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Multiple sclerosis and gluten

Giovanni Casella, Bianca M Bordo, Renzo Schalling, Vincenzo Villanacci, Marianna Salemme, Camillo DI Bella, Vittorio Baldini, Gabrio Bassotti
Celiac Disease (CD) determins Neurologic Manifestations in 10% of all CD patients. We describe the most common clinical manifestations as Cerebellar Ataxia, Gluten Encephalopathy, Multiple Sclerosis, Peripheral Neuropathies, SensoriNeural Hearing Loss, Epilepsy, Headache, Depression, Cognitive Deficiencies and other less decribed clinical conditions. Our aim is to perform, as more as possible, a review about the most recent update on the topics in international literature. It is important to consider clinical neurological manifestations in Celiac patients and to research these conditions also in the follow- up because they may start also 1 year after the start of Gluten Free Diet (GFD) as Peripheral Neuropathy...
April 6, 2016: Minerva Gastroenterologica e Dietologica
Giovanni Casella, Bianca M Bordo, Renzo Schalling, Vincenzo Villanacci, Marianna Salemme, Camillo Di Bella, Vittorio Baldini, Gabrio Bassotti
Celiac disease (CD) determines neurologic manifestations in 10% of all CD patients. We describe the most common clinical manifestations as cerebellar ataxia, gluten encephalopathy, multiple sclerosis, peripheral neuropathies, sensorineural hearing loss, epilepsy, headache, depression, cognitive deficiencies and other less described clinical conditions. Our aim is to perform, as more as possible, a review about the most recent update on the topics in international literature. It is important to consider clinical neurological manifestations in celiac patients and to research these conditions also in the follow-up because they may start also one year after the start of gluten free diet (GFD) as peripheral neuropathy...
June 2016: Minerva Gastroenterologica e Dietologica
Pål Stenberg, Bodil Roth
UNLABELLED: Post-translational modifications of proteins can generate antigenic conformations that may cause autoimmune diseases in persons with specific HLA-haplotypes. Monocytes and macrophages, attracted to an inflamed site, can release post-translationally acting enzymes, such as transglutaminases and peptidylarginine deiminases. In vivo, the activation of these enzymes is crucial for the further course of event. Our hypothesis is that zinc modulates the activation of these calcium-dependent thiol-enzymes...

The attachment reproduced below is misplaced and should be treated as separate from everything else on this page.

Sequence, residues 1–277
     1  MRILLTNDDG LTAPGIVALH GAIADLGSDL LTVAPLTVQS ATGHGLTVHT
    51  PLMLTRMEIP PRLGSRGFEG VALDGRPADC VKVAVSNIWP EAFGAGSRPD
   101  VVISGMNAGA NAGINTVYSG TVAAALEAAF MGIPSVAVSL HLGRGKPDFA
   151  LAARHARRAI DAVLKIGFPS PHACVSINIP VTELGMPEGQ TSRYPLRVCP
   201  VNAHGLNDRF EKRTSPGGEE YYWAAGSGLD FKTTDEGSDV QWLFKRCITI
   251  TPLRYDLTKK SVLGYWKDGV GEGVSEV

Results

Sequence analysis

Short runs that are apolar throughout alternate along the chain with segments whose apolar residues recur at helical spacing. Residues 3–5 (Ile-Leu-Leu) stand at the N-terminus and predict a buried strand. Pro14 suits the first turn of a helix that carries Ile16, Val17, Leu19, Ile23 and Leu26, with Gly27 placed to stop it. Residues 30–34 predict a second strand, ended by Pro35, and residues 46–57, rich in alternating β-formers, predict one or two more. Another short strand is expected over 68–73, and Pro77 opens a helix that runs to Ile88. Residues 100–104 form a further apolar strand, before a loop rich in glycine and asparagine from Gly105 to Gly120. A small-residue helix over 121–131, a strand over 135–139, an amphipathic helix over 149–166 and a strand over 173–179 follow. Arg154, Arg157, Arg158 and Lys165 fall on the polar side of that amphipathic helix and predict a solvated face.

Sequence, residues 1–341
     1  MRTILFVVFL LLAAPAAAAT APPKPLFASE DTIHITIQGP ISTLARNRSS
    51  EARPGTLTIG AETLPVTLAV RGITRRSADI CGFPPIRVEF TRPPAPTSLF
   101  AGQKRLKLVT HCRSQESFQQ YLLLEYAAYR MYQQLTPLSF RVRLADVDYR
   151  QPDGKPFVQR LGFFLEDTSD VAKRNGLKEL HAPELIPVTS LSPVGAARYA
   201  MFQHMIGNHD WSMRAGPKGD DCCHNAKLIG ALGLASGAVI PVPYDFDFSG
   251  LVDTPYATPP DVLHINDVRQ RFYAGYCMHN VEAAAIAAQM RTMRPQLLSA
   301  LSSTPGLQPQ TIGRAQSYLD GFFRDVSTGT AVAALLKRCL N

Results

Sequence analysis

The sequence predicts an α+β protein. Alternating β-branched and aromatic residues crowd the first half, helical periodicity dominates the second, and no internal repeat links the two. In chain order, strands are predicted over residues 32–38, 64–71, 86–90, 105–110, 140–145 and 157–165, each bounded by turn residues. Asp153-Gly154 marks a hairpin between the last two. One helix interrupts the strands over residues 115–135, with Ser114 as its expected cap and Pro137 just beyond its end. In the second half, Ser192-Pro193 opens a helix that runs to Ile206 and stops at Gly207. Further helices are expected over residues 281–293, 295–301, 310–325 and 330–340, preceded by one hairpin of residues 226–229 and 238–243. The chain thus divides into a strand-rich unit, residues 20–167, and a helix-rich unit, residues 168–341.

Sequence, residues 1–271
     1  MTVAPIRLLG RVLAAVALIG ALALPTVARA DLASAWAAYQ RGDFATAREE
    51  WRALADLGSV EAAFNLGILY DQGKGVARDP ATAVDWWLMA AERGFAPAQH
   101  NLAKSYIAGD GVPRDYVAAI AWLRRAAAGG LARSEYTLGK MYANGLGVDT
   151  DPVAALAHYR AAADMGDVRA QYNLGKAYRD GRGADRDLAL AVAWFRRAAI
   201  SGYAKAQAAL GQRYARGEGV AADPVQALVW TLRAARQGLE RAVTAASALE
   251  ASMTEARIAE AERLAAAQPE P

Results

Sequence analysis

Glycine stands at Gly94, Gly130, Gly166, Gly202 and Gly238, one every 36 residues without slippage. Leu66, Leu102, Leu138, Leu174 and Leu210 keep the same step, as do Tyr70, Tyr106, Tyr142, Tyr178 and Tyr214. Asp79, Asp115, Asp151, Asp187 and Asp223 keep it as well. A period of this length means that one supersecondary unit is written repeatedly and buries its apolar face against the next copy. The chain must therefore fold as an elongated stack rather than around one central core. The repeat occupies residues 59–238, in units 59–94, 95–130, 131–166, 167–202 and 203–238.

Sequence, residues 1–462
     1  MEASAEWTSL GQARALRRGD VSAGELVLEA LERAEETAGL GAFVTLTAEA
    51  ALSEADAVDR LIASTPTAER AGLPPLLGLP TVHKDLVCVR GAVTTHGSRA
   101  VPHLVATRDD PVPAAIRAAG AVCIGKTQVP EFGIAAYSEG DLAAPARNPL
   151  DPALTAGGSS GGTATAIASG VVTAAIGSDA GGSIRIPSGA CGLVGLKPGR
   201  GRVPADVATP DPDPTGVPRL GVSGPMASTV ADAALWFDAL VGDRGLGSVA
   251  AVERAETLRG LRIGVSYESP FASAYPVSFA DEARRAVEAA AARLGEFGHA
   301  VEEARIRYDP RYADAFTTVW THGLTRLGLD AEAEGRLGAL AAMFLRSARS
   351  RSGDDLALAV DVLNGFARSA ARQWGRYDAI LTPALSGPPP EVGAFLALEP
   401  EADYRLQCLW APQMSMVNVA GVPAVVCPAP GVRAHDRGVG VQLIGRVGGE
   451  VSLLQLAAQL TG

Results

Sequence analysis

April 2015: Medical Hypotheses
Ismael San Mauro Martín, Elena Garicano Vilar, Luis Collado Yurrutia, María José Ciudad Cabañas
INTRODUCTION: Gluten is a glycoprotein present in some cereals. The incidence of disorders related to gluten, including the EC, is increasing, even pathologies far from an etiology or treatment with GF D. AIMS: Review the scientific literature related to the ingestion of gluten and pathogenesis of different diseases. METHODS: A literature search in major scientific database. RESULTS: We obtained from the following diseases, gluten ataxia, multiple sclerosis, autism spectrum disorder, schizophrenia, attention deficit hyperactivity disorder, depressive disorders, headaches, irritable bowel syndrome, fibromyalgia, dermatitis herpetiformis and epilepsy, studies in which either a determination of gliadin was refered or a treatment, with/without gluten, was applied and evaluated...
2014: Nutrición Hospitalaria: Organo Oficial de la Sociedad Española de Nutrición Parenteral y Enteral
Emily G Severance, Kristin L Gressitt, Armin Alaedini, Cathrin Rohleder, Frank Enning, J Malte Bumb, Juliane K Müller, Emanuel Schwarz, Robert H Yolken, F Markus Leweke
Schizophrenia is a complex brain disorder that may be accompanied by idiopathic inflammation. Classic central nervous system (CNS) inflammatory disorders such as viral encephalitis or multiple sclerosis can be characterized by incongruent serum and cerebrospinal fluid (CSF) IgG due in part to localized intrathecal synthesis of antibodies. The dietary antigens, wheat gluten and bovine milk casein, can induce a humoral immune response in susceptible individuals with schizophrenia, but the correlation between the food-derived serological and intrathecal IgG response is not known...
February 2015: Brain, Behavior, and Immunity
Richard E Frye, Daniel Rossignol, Manuel F Casanova, Gregory L Brown, Victoria Martin, Stephen Edelson, Robert Coben, Jeffrey Lewine, John C Slattery, Chrystal Lau, Paul Hardy, S Hossein Fatemi, Timothy D Folsom, Derrick Macfabe, James B Adams
Despite the fact that seizures are commonly associated with autism spectrum disorder (ASD), the effectiveness of treatments for seizures has not been well studied in individuals with ASD. This manuscript reviews both traditional and novel treatments for seizures associated with ASD. Studies were selected by systematically searching major electronic databases and by a panel of experts that treat ASD individuals. Only a few anti-epileptic drugs (AEDs) have undergone carefully controlled trials in ASD, but these trials examined outcomes other than seizures...